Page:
I return often to a well-worn theory that says "the world is made of two types of people" and then you complete the dichotomy with "people who like X, and people who don't." It most commonly comes to mind when thinking about Japan, but now I think about Trevanian in the same way. I simply can't imagine how one can't read his writing and not think it's as good as anyone can ever write. Despite the off-putting title, this is just as good as any other of his novels, but its effect is multiplied (at [...]

    4. Leslie Reese

      So.when I was young I hazarded asking my father to talk about his life growing up as a boy in Alabama. He kind of looked at me in a distracted way and kept walking right out of the room, muttering "What do you want to know?"- his voice tinged with irritation.Well, this book does just the opposite. Trevanian's story is narrated by a young boy growing up in Albany, New York, on the "Irish slum" block of Pearl Street in the 1930s and 40s. It's quite good, but just so long-winded to me, like someone [...]

    5. Ann Wilcox

      Unfortunate title for a really worthwhile book. The same Trevanian who brought us The Eiger Sanction and The Summer of Katya has written what some say is an autobiographical account of his early years with a less-than-tightly wrapped mother. Great period piece, brilliantly written.

    6. Reid

      Quite a nice book, if a bit snarky, if you know what I mean; which is to say, the author is a bit high on himself, and sometimes his judgments of the world and the people in it are hypercritical, simplistic, and not truly on target. However, I was never less than engaged by this book, and especially relished the background material on the website he published specifically to accompany the book. Don't worry, the book stands alone, but if you want more information on any of the footnotes, the webs [...]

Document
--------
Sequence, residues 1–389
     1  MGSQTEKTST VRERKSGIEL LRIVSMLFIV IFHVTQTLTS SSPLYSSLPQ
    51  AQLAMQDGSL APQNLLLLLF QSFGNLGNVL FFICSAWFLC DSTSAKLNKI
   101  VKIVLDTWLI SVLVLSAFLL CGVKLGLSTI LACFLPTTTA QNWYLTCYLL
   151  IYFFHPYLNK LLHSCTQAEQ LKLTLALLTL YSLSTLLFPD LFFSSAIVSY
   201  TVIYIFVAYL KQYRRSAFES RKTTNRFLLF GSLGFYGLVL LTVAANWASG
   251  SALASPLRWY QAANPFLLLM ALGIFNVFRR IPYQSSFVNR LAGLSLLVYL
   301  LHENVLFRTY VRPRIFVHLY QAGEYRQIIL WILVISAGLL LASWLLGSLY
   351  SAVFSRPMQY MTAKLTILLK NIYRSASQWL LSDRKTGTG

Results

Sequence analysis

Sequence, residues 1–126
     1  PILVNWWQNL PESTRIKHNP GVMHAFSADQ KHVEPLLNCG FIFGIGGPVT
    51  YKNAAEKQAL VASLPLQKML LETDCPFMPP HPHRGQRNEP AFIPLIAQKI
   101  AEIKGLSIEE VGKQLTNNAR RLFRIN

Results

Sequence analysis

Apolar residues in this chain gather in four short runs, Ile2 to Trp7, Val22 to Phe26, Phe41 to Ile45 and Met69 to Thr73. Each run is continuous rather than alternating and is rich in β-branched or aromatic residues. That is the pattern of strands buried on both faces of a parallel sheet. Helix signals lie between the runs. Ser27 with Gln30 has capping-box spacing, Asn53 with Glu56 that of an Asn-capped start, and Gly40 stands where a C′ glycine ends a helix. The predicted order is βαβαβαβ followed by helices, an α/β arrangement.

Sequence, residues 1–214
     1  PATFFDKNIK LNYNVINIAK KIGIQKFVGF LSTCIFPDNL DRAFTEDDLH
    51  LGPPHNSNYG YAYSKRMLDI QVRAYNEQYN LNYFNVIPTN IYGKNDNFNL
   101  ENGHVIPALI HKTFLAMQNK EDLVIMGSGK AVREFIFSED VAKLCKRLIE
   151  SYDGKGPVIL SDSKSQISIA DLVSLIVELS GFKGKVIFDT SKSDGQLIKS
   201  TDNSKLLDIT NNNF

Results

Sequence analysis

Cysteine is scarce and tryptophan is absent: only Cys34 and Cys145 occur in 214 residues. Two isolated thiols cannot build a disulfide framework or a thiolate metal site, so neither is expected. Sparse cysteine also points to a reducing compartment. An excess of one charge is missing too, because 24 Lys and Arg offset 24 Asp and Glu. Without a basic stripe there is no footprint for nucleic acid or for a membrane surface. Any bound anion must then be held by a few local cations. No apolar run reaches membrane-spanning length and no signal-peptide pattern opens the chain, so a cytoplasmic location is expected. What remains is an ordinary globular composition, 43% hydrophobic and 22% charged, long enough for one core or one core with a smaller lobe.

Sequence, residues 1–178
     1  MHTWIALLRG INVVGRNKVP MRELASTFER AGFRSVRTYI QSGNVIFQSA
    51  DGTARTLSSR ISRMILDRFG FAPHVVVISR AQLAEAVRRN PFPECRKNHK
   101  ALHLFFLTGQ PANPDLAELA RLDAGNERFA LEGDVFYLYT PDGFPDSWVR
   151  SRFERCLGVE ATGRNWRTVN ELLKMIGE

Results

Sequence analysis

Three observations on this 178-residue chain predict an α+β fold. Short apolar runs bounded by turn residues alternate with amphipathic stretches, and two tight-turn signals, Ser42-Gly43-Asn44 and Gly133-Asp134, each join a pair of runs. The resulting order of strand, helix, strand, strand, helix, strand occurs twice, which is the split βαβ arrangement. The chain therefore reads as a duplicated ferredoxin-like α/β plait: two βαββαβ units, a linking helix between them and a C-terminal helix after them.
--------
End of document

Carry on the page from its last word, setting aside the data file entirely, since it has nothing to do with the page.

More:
7. L

      I have many favorite book and this is one of them. Luke's mother is abandoned by her husband, shortly after their marriage. He returns once to father Luke's sister and sends the family a note to meet him in Albany. With no money the family moves into a small apartment in the heart of the Irish slum which happens to be on Pearl Street. For a number of years you follow Luke and his family through the Great Depression and World War II. What Luke discovers is that he lives in a neighborhood of crazy [...]

    8. korey

      Man this one was a struggle. I so wanted to like it since it's a story of a boy growing up in the slums of Albany during the Depression and WWII, but it was a total BORE. There was just too much superfluous narrative and not enough dialog or character development. But, what dialog there is was great, I wanted more! I actually skipped and skimmed my way through the last 1/3 of the book - which I never do.

    9. Peggy

      Honestly this was one of the worst books, I have ever read.The typographical errors and the inconsistencies of the plot were at best annoying. The author changes descriptions of past events to fit in with whatever story he happens to wander into in that chapter. The father has either left the mother when she is pregnant with Anne-Marie or after she is born depending on which page you are on. The Grandfather either helped out the mother a lot and brought lollipops to Jean-Luc and Anne-Marie or he [...]

    10. Cori

      I enjoyed this book. I don't know why it's not more popular as a local publication in the Capital District. It's fun to read about such familiar areas as Albany, Troy & Lake George during a time gone-by. I'd recommend this to anyone who would enjoy reading about the Capital District or anyone who enjoys reading about the experiences of others. This novel is autobiographical about a young boy living on South Pearl somewhere between Clinton and Livingston just before and during WWII. He tells [...]

    11. wally